Indeed the book speaks more to the act of creation than plot or narrative. The occasional glimpses of the background behind the scanned book reinforce this, revealing the stray marks of an artist’s work area rather than the expected clean white backdrop. Rosenberg represents, or rather presents, myriad relations between the author and the blank page, from confident flow to crossed out self-doubt. This emphasis on creation doesn’t diminish the reader though, since reading asemic writing is itself a generative act, the making of meaning. Perhaps it is this decentering of the author that most distinguishes Rosenberg’s approach from abstract expressionism. She blurs the line between reception and production just as she does writing and drawing. Likewise the book complicates the signal-noise binary, extending authorship not only to the reader, but to the chance operations of the scanning process. A handful of bright white marks remind the reader that book’s pages are toned from its printing, not its paper, emphasizing the transformative role of the digitization and one-color printing.

False Fiction Fractured Fact Altered certainly sounds like a title for the post-truth era, but asemic writing is not a total absence of meaning – the meaning is just located beyond the semantic order. This book asks the reader to consider other possibilities and perspectives. It demands sensitivity and empathy, but offers truths to the reader who is willing to work for them. This touches on a larger debate within asemic writing, where a complete absence of meaning (asemia) is neither possible nor desirable. Instead, Rosenberg posits multiple, perhaps infinite, meanings, and invites the reader to change those meanings from one reading to the next. Through its thoughtful consideration of the book form, False Fiction Fractured Fact Alteredbrings these debates into dialogue with artists’ book discourse. It is an impressive work in this exciting zone of intersection, but by no means does it exhaust the possibilities it points to.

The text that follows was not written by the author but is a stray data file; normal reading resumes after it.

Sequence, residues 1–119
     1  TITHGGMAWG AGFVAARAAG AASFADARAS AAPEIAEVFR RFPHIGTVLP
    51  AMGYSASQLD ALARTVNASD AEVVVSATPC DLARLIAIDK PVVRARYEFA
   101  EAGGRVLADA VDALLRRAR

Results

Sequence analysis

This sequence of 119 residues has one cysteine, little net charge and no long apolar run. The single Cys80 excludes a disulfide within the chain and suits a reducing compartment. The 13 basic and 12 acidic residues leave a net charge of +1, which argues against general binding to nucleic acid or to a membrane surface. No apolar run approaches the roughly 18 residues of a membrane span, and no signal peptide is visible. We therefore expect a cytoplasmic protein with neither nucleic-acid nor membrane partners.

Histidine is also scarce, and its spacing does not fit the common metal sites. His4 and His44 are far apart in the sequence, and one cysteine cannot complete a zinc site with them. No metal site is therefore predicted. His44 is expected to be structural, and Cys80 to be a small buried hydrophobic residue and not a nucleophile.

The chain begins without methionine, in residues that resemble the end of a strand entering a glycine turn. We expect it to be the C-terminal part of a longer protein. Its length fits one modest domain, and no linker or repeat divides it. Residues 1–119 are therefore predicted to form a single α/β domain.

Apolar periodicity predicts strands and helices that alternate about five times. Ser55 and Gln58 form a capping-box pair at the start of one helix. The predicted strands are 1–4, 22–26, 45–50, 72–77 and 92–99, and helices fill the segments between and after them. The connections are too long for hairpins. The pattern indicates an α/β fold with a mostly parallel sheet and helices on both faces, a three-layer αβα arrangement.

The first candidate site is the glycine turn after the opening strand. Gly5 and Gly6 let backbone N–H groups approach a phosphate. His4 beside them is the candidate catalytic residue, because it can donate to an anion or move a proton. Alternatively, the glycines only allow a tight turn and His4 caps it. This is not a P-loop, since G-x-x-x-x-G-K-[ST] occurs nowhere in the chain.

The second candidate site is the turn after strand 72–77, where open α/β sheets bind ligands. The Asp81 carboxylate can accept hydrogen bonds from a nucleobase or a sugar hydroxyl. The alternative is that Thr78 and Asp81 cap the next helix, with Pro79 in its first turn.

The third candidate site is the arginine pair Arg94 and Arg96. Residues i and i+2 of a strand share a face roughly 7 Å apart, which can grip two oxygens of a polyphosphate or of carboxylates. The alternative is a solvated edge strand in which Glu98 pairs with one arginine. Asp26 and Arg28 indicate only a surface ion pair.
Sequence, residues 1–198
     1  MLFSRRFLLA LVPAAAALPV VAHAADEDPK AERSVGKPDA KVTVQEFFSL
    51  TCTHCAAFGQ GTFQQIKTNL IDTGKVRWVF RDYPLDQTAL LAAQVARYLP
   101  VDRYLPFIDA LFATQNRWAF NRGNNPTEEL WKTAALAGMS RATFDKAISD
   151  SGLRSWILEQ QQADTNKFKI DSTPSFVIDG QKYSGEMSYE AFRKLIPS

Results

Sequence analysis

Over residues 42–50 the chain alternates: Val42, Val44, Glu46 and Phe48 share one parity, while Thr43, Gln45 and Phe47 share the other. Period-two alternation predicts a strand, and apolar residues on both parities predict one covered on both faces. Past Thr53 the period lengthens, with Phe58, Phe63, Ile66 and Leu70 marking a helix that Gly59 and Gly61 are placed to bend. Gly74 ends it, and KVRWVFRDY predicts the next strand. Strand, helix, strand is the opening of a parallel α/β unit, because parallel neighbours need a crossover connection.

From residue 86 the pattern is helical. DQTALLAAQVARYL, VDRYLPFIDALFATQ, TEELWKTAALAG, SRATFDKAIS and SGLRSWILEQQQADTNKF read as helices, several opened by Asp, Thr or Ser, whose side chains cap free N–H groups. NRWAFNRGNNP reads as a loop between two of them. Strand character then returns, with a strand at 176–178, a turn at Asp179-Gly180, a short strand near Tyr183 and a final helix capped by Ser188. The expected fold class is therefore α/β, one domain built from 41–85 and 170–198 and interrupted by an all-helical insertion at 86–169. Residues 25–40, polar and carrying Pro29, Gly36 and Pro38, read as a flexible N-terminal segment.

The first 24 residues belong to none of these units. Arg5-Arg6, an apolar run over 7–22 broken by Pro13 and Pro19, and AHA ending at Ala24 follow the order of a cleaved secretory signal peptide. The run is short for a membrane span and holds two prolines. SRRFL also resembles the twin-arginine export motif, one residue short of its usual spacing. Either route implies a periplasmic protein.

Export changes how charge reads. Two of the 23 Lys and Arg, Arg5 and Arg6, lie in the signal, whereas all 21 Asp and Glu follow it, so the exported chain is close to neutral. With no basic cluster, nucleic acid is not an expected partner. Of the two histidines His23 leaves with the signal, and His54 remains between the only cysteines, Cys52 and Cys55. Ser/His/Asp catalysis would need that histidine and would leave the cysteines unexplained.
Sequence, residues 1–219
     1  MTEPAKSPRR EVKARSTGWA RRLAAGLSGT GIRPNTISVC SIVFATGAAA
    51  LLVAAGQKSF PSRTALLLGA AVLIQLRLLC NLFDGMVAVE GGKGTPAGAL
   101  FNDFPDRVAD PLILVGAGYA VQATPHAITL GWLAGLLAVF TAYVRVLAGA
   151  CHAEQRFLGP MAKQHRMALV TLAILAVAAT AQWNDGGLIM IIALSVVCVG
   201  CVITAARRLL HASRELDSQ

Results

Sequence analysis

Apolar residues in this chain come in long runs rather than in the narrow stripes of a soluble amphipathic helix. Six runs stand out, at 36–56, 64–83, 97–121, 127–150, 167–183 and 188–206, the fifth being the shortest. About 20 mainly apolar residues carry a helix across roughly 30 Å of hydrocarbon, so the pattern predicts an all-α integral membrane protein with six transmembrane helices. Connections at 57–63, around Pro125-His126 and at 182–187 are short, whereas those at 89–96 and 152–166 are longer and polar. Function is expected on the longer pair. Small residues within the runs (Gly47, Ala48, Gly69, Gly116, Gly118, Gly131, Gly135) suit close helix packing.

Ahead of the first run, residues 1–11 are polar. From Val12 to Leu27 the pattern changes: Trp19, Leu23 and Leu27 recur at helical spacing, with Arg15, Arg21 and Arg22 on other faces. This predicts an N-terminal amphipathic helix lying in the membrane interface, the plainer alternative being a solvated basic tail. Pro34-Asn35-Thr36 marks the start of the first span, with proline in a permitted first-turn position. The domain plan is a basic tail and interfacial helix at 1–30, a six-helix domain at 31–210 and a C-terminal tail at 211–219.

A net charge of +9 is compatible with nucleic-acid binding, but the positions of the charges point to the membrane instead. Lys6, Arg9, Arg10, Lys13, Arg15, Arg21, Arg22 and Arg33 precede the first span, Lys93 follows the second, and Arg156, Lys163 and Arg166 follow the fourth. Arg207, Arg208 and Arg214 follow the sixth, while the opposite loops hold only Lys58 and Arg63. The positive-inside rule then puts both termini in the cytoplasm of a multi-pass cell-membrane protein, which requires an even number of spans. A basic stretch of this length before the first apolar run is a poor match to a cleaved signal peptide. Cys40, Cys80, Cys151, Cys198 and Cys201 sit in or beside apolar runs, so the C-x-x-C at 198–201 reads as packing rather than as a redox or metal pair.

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19. Jenny Holzer, Xaviera Simmons, FF Alumns, at Times Square Arts, Manhattan and more

New artists: Alixa Garcia, Carrie Mae Weems, Christine Sun Kim, Christine Wong Yap, Duke Riley, G.O.N.G. with Mel Chin, Jenny Holzer, Kameelah Janan Rasheed, Nekisha Durrett, Paula Crown, Pedro Reyes, and Xaviera Simmons

With each passing week of the pandemic, our appreciation for New York City's essential workers only grows. Today our citywide public art campaign channeling hope and gratitude expands to include new messages from a powerful group of artists.
Times Square Arts, Poster House, and For Freedoms proudly share the work of Alixa Garcia, Carrie Mae Weems, Christine Sun Kim, Christine Wong Yap, Duke Riley, G.O.N.G. with Mel Chin, Jenny Holzer, Kameelah Janan Rasheed, Nekisha Durrett, Paula Crown, Pedro Reyes, and Xaviera Simmons in Times Square, across all five boroughs of New York City, and now in Boston and Chicago as well. This initiative joins a chorus of global gestures aimed at honoring essential workers — doctors and nurses, public transportation personnel, sanitation staff, grocery store employees, delivery staff, and restaurant workers, and more.
More Than 30 Artists and Designers Are Creating Billboards for Times Square and Beyond to Honor Essential Workers Across the US, ArtNet

Works by Carrie Mae Weems (left), Alixa Garcia (center), and Duke Riley (right)
This public campaign is on view in Times Square thanks to Morgan Stanley, American Eagle, Maefield Development, and Branded Cities’ Thomson Reuters and Nasdaq displays; in public health clinics, food pantries, and hospitals thanks to FY.Eye; and in every corner of New York City thanks to LinkNYC; and has expanded across the five boroughs and to Boston and Chicago thanks to JCDecaux.
Stay tuned for the next phase of Messages for the City with For Freedoms, which will amplify the individual voices of New York's essential workers across a wide range of professions.

MIDNIGHT MOMENT: OPEN CALL
While the Midnight Moment series remains on pause, we are eagerly anticipating it’s relaunch and returning to Times Square for the nightly midnight takeover of its iconic digital billboards with videos from artists from around the world. As we await this reemergence together, artists are invited to submit proposals on an ongoing basis at TSq.org/MMSubmission.

Times Square Arts is supported in part by The Andy Warhol Foundation for the Visual Arts; the Rockefeller Brothers Fund; the National Endowment for the Arts; the New York State Council on the Arts with the support of Governor Andrew M. Cuomo and the New York State Legislature; and public funds from the New York City Department of Cultural Affairs in partnership with the City Council. Additional support for Midnight Moment is provided by the New York State Council on the Arts, the National Endowment for the Arts, and the Times Square Advertising Coalition.

Times Square Arts
1560 Broadway, Ste 1001, New York, NY 10036
© 2020 Times Square District Management Association, Inc. All Rights Reserved.

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Goings On is compiled weekly by Harley Spiller